Of course, this isn’t Star Trek or other rare optimistic fiction, so everything that could go wrong will – or already has. The basic concept is that the ship consists of several rooms, most of which have specific functions (i.e., computer room, armory, comms, ER room, generator, etc.) Room tiles are shuffled and randomly placed on the board before each game to keep each session feeling fresh.
In addition to five special rooms that are always present in a Nemesis game (cockpit, three engine rooms, and a hibernatorium where you start), there are also escape pods that need to be unlocked, and a pool of additional rooms, some of which are randomly chosen before each game.
These include stuff like airlock control and a canteen, but, just like most other rooms, they may be damaged or unusable to start with, which can be helped if you have the appropriate class skills to fix it.
This is where the nice interplay between playable characters comes into play. Each crew member may have special actions available in certain rooms, and, generally speaking, playing to your character’s strengths will usually be in your best interest if you wish to live longer than a few rounds.
The game is split into the player phase and the event phase. In the former, players each draw cards until they have five in their hands and then proceed to the action phase. As a fairly classic board game, Nemesis keeps things simple here: each player can perform up to two actions per turn or choose to pass.
These actions can be standard or silent movement (which you’ll quickly grow to appreciate when the xenos start showing up), the use of character-specific abilities or items you’ve picked up, or actions related to the specific room a player character is in (fixing broken machinery, using a computer or a sickbay, etc.)
The kicker here is that players have no idea what awaits them in the next room and make noise as they traverse the ship, alerting our friendly neighborhood biomass enthusiasts to their location.
Once everyone is done with their actions, we get to the event phase, in which various (terrible) things start occurring on the ship: the game’s timer progresses (particularly bad news if a self-destruction sequence has been initialized, for example), and our little alien friends start growing from larva to more complex forms and moving about the ship.
The event cards dictate the intruder movement and tell the players about potential crap going wrong around the space vessel, such as machinery and systems malfunctioning. As a player, you can only avoid the alien menace for so long, and once both you and an oversized bug thing with a penchant for the other red meat are in the same room, a combat encounter will start.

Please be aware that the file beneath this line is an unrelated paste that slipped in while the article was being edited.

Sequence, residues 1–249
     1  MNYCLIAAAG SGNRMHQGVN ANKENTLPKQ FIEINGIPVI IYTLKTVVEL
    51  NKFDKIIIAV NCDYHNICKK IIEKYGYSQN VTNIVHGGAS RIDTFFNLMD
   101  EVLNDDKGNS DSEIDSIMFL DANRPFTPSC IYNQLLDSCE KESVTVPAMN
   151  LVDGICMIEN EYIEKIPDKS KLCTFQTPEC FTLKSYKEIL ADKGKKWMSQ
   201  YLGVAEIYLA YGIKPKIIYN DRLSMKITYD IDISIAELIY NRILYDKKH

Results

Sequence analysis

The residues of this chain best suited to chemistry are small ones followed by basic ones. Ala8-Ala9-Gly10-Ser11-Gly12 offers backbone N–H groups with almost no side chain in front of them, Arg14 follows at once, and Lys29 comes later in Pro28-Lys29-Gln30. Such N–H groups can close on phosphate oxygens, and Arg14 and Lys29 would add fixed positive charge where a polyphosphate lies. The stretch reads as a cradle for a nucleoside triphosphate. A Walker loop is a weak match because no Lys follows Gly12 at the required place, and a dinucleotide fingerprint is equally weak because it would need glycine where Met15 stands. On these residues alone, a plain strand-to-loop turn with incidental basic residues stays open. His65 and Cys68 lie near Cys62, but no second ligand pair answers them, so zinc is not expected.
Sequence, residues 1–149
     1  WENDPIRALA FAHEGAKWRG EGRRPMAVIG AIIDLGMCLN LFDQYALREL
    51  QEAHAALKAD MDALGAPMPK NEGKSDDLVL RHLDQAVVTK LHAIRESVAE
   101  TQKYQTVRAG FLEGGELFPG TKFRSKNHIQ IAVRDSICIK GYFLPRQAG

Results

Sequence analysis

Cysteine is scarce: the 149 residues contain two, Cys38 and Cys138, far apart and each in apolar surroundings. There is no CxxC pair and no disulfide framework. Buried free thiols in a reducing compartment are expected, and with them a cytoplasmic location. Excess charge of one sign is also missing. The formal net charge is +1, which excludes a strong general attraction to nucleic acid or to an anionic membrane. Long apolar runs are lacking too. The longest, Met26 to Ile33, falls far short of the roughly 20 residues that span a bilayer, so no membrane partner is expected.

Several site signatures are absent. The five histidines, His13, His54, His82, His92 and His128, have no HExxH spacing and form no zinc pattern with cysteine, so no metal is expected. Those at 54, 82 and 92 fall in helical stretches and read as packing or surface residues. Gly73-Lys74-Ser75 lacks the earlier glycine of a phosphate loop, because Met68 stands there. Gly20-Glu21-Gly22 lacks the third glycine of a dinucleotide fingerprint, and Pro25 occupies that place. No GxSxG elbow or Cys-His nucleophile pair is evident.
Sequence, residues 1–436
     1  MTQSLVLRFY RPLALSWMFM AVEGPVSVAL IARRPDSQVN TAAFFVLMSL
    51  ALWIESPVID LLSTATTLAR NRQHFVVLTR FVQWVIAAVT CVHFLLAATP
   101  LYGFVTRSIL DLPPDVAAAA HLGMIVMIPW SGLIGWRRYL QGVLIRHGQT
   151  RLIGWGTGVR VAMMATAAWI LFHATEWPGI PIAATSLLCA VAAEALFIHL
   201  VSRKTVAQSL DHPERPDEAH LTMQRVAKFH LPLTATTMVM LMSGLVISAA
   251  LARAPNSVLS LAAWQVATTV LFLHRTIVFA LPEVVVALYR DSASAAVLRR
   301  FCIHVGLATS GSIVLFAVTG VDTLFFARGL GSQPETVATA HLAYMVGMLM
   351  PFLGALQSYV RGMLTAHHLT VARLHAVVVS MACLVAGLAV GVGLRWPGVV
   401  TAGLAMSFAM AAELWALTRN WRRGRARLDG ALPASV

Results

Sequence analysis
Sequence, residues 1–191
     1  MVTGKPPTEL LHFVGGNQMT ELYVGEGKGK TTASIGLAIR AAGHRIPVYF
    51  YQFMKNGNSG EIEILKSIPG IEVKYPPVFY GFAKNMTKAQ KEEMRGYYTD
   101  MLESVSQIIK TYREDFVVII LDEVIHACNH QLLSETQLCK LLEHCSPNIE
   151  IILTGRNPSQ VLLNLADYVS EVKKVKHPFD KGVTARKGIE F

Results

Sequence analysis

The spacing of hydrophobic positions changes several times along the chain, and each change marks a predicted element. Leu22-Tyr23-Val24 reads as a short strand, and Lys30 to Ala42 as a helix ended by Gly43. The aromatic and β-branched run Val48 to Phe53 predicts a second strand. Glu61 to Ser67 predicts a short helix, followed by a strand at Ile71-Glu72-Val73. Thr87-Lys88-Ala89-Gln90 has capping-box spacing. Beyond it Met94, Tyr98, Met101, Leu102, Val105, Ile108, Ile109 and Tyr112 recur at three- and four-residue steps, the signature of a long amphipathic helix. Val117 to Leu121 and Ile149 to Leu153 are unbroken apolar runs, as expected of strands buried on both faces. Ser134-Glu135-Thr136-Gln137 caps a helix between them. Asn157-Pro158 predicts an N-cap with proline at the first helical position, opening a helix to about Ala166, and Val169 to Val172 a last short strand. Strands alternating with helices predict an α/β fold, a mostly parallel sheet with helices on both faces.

As every Nemesis board game review out there will tell you, your chances of fighting off the alien menace in direct combat are pretty slim, though some classes will naturally be better at it than others. Ranged combat expends your limited ammo supply, but going fisticuffs with a melee attack risks grave injuries, death, or at least contamination.
This cute little mechanic makes your character infected with alien cooties, which has a chance of giving you the infected status, planting the seed of alien-human cohabitation, and killing you, chestburster-style, if you pick up another larva before the first one’s cured.
The game pulls a clever trick here: not all contamination cards give you the infected status, but none of them can be removed unless you scan them first, and most require special medical treatment or rest, both of which you’ll be in short supply of.
Without getting rid of them, you’ll get permanent (and useless) new cards to fill up your five-card deck, limiting the number of other actions your character can take each turn and bringing you all the closer to the loving embrace of space Cthulhu.
While they can differ greatly depending on the circumstances, all semi-co-op Nemesis games have a summary that’s largely similar: wake up, find out what your objectives are, discover that you’re surrounded by hungry aliens, choose which objective to pursue and which one to discard, and try your damn best to survive long enough to accomplish it.
“Winning” at Nemesis works a bit differently from how it does in other games – the best you can hope for is completing your objective before the aliens infest the entire ship, or it simply blows up and then high-tailing it to the nearest evacuation pod or hibernation chamber, depending on your task.
As mentioned earlier, the problem is that your objectives may often put you in direct conflict with other players, as a scientist may want to infest a whole colony with alien germs or at least procure a key ingredient for the world’s most dangerous omelet, while another player may play a corpo agent who was sent there to ensure the untimely demise of the aforementioned alien enthusiast.